When you close one door, open another


Christmas is coming again to Lockhart, Texas, the United States, and to the world. You might have already seen Christmas decorations going up and hearing everything from traditional Christmas Carols to Mariah Carey.

The holidays are about endings and beginnings. The celebration occurs in the Winter, when things are dying and coming to an end.

Yet, with the birth of Jesus, there is the promise of new life for people and the world.

Against this backdrop also marks another challenge.

Recently, I learned of another church that is closing. I preached in this particular church years ago when it was seeing better days.

I feel bad for this church. Closing a church is more than shutting down the building, trying to figure out what to do with the brick and mortar. Closing down a church literally has to do with unraveling the legacy of a community of faith. All of the major events a church experiences: baptisms, confirmations, anniversaries, weddings, funerals, etc., come to the fore as recalled memories of church congregants.

I know this from firsthand experience.

During 2014, I witnessed the closure of a church that had a 122-year history. As time drew near to the final service, a lot of people who had been attending left, a prominent couple in the church divorced, another member was so depressed that inpatient psychiatric hospitalization was considered.

Out of death comes life. This is one of the messages that the Christian faith proclaims. The Gospel of John asserts that “the light shines in the darkness and darkness cannot extinguish it” (John 1:5).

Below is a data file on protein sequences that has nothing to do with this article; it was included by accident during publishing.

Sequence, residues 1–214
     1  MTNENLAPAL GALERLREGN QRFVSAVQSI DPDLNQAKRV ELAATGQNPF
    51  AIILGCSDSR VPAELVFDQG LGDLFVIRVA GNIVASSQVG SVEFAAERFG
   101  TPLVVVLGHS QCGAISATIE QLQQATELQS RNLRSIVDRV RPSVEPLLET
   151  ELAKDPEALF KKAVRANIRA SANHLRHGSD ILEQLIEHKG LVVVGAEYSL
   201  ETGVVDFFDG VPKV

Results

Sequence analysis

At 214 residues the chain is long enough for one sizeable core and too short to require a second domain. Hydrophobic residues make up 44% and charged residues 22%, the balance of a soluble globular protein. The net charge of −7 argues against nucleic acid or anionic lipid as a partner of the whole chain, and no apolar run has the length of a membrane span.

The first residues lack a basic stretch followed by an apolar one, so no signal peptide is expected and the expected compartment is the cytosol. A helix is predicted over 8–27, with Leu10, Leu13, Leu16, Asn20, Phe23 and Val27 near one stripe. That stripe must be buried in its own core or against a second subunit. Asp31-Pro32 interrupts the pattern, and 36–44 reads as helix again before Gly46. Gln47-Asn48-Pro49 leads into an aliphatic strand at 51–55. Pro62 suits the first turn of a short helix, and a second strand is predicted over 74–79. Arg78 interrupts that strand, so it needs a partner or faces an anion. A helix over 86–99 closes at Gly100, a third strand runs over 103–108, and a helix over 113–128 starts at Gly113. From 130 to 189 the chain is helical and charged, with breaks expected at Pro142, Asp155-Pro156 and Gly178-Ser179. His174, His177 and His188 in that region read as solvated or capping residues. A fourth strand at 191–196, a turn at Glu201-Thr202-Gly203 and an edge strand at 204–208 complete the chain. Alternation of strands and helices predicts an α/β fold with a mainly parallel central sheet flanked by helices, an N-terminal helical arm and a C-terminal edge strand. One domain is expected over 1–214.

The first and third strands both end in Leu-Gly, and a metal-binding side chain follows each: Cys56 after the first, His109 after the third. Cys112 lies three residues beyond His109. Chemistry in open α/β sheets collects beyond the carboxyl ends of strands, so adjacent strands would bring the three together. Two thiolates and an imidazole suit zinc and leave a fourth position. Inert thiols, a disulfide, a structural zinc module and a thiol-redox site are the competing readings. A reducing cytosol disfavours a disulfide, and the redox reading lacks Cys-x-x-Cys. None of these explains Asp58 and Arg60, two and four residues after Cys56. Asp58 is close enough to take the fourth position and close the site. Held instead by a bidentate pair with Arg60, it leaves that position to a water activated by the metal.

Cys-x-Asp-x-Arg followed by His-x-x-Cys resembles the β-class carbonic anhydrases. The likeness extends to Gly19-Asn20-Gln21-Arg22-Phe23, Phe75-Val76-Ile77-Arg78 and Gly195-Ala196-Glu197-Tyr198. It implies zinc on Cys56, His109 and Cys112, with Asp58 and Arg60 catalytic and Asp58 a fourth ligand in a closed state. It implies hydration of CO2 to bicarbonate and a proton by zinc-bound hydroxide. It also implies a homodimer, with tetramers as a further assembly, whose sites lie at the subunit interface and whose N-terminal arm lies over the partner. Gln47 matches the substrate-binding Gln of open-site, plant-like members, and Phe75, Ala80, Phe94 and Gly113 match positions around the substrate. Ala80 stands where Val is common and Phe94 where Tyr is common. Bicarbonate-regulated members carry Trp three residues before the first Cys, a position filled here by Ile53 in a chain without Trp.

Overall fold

Clearly, for the churches that I am referencing, there was the decision to close doors.

One wonders, was there any discussion earlier trying to open other doors?

Was there any consideration of merging with another church, another organization, etc., in order to create any further sustainability?

The life of any church community is more than just the buildings. It’s the people themselves and with the current increase in church closures, it’s the church members who are suffering.

On a recent Sunday afternoon at the Lockhart McDonalds, I saw mothers coming in with young children speaking English and Spanish. I saw a tall musician artist stroll in with mane of long silver hair, beard, shades and top hat reminiscent of ZZ Top.

I thought:

‘Why aren’t these people in church?’

What could be done to create an incentive for these people to attend church?

Maybe church is meeting in the wrong locale? Instead of a sanctuary, maybe we should move into a local McDonalds?

All I know is that the world is crying out for healing, community, and the chance that spiritual transformation may occur for people.

That’s what the miracle of the Incarnation is all about: It’s not necessarily about the birth of a baby, let alone the Immaculate Conception, which has only been in existence since the mid-19thCentury. The observance of this feast began with a Papal encyclical by Pope Pius IX, when he formally defined the dogma of the Immaculate Conception, INEFFABILIS DEUS, on Dec. 8, 1854.

Christmas is really about a rebirth, a reboot for all of us regarding God, however known, becoming known to us. For Christians, that is in the personage of Jesus.

If you have closed a door recently in your life, what new door can you open? What new experience in life makes that abundant life might be available to you?

This is a Holy Season. May the mystery of this time be revealing and life changing for all of us.

Merry Christmas, Happy Hanukah, Happy Kwanzaa and may the light banish all darkness for us now and forever more.

May it be so.

Rev. Peter E. Bauer is a United Church of Christ minister. He is the Interim Minister for First Christian Church in Lockhart. He has been a regular contributor to the Huffington Post and Medium.com.


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